Trains A & B Are Traveling In The Same Direction On Parallel Tracks. Train A Is Traveling At 100 Mph And Train B Is Traveling At 120 Mph. Train A Passes A Station At 7:10pm. Train B Passes The Same Station At 7:22pm. At What Time Will B Catch Up W/ A?

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Oddman Profile
Oddman answered
Let t be the time in minutes after 7:10 at which train B catches train A.
The distance (in funny units) traveled by train A from the station to the meeting point is given by
d = t*100

The distance traveled by train B from the station to the meeting point is
d = (t-12)120

The two distances are equal (and we don't care what they are), so we can write
t*100 = (t-12)*120
100t = 120t - 1440 (use the distributive property)
0 = 20t - 1440 (subtract 100t from both sides)
0 = t - 72 (divide both sides by 20. 0/20 = 0)
72 = t (add 72 to both sides)

7:10 + 72 minutes = 7:10 + 1:12 = 8:22

Train B will catch train A at 8:22 pm.
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The term 100t has units (miles/hour)(minutes). This is distance multiplied by (minutes/hour), or 60 times the distance in miles. Both sides of the equation have these funny units, so no harm is done. Usually, it is a good idea to pay attention to the units of the problem. It helps you make sure you're performing the arithmetic correctly.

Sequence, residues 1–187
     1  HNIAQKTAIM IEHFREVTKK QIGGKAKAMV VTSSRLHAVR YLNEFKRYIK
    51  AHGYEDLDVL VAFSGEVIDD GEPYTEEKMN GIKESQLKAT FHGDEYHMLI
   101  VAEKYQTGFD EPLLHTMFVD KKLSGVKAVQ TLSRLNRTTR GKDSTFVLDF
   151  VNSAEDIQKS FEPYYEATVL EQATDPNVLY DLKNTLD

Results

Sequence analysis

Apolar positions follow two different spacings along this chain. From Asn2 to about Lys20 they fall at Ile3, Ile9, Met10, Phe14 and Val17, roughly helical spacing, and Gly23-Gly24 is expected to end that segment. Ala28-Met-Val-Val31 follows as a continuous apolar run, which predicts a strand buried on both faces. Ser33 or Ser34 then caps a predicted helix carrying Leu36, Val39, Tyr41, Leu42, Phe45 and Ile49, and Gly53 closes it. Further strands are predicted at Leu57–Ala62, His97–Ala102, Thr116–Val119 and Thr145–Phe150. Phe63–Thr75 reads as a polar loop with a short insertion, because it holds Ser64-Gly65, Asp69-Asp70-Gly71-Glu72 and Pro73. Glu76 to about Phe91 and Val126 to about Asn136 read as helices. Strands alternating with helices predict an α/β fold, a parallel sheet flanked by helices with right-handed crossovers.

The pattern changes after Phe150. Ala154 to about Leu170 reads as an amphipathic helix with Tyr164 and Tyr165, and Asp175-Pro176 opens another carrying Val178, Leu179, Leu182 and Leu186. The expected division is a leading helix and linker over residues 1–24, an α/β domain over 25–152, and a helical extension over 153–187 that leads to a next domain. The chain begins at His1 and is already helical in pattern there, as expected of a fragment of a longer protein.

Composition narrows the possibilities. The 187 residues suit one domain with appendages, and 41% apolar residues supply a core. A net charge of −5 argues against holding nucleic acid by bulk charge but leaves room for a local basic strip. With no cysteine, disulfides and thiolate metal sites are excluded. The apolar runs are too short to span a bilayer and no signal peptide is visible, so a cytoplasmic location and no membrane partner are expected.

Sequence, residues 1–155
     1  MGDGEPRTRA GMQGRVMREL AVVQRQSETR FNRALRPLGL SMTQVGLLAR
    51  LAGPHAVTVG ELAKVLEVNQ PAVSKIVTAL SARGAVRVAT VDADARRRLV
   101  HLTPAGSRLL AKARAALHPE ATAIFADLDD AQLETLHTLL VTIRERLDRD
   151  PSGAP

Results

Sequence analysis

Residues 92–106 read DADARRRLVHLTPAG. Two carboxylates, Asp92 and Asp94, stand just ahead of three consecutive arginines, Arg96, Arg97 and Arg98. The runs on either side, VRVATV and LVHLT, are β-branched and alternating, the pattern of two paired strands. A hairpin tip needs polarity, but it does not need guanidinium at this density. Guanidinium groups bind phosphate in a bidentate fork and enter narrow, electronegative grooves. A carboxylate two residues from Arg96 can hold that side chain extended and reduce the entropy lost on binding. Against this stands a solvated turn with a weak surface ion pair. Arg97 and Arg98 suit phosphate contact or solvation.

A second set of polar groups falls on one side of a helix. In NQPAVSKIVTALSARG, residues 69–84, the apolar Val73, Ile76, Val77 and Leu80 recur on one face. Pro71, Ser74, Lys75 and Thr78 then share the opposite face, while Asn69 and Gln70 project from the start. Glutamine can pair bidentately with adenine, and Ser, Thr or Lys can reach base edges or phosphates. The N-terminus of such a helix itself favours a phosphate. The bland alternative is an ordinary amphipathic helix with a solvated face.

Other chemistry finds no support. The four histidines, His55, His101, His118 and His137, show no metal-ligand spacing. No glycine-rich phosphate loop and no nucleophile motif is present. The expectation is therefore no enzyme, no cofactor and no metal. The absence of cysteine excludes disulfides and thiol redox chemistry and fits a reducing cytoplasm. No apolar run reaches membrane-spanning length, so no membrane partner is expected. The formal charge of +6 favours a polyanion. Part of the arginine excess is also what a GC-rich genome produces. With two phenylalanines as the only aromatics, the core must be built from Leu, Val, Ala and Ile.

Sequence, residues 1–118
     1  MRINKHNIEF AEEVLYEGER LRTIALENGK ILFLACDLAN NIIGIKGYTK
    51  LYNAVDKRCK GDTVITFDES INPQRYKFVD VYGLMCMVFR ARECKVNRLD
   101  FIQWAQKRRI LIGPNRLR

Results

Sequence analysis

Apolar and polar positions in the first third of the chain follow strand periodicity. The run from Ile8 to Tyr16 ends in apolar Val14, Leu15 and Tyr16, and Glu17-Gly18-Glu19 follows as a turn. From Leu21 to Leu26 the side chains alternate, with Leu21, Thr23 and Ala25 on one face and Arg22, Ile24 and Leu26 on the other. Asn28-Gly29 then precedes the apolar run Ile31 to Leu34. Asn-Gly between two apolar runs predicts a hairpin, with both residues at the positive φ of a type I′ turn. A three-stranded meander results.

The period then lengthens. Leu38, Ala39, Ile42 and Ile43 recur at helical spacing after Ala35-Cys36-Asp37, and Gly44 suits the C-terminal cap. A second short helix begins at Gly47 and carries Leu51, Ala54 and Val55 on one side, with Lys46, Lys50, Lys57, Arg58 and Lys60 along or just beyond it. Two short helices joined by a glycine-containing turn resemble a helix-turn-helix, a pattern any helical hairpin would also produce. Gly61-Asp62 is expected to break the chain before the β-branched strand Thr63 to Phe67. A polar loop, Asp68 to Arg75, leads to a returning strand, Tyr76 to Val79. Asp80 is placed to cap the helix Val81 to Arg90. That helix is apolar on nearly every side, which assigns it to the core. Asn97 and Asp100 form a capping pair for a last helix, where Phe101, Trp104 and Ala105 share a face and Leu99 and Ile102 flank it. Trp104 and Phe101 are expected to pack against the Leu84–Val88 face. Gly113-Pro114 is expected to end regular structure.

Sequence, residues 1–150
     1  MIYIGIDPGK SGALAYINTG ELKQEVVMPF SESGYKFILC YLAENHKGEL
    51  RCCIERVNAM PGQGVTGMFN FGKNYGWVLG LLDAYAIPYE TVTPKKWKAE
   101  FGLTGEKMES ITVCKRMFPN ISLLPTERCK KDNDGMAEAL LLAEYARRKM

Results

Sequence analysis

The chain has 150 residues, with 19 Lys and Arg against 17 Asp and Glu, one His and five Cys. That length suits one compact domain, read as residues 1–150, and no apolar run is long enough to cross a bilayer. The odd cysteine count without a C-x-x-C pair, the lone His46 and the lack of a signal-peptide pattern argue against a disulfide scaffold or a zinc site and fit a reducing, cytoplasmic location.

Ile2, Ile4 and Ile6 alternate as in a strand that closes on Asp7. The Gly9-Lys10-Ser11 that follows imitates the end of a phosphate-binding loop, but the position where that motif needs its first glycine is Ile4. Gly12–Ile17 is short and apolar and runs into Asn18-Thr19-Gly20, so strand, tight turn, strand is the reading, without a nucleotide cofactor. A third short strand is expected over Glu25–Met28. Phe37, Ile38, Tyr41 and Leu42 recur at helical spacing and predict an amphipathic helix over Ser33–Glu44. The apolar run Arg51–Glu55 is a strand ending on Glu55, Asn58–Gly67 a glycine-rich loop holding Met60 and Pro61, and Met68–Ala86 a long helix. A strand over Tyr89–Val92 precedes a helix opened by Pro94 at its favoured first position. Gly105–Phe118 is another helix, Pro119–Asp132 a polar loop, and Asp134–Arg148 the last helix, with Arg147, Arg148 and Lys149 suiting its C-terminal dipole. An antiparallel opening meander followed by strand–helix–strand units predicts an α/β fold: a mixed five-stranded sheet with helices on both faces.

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If you are not intimidated by numbers in different number bases, you can work with the time directly.
100(t - 7:10) = 120(t - 7:22) (equation where t is actual clock time)
5t - 5(7:10) = 6t - 6(7:22) (divide both sides by 20 to make the numbers manageable)
6(7:22) - 5(7:10) = t (subtract 5t-6*7:22 from both sides)
(5+1)(7:10+0:12) - 5(7:10) = t (rearrange the product on the left. This makes it possible to cancel the 5*7:10 term. It is really an unnecessary step, but it makes the calculation a little more straightforward.)
5(7:10) + 5(0:12) + 1(7:10) + 1(0:12) - 5(7:10) = t (use the distributive law)
5(0:12) + 7:22 = t (collect terms. Recognize that 7:10 + 0:12 is 7:22)
1:00 + 7:22 = t (recognize that 5*0:12 is 0:60, one hour)
8:22 = t (clock time at which the trains meet)
thanked the writer.
Em
Em commented
Oddman, thank you once again for your help with this. You explained it in a way that was very straight forward and made perfect sense to me.

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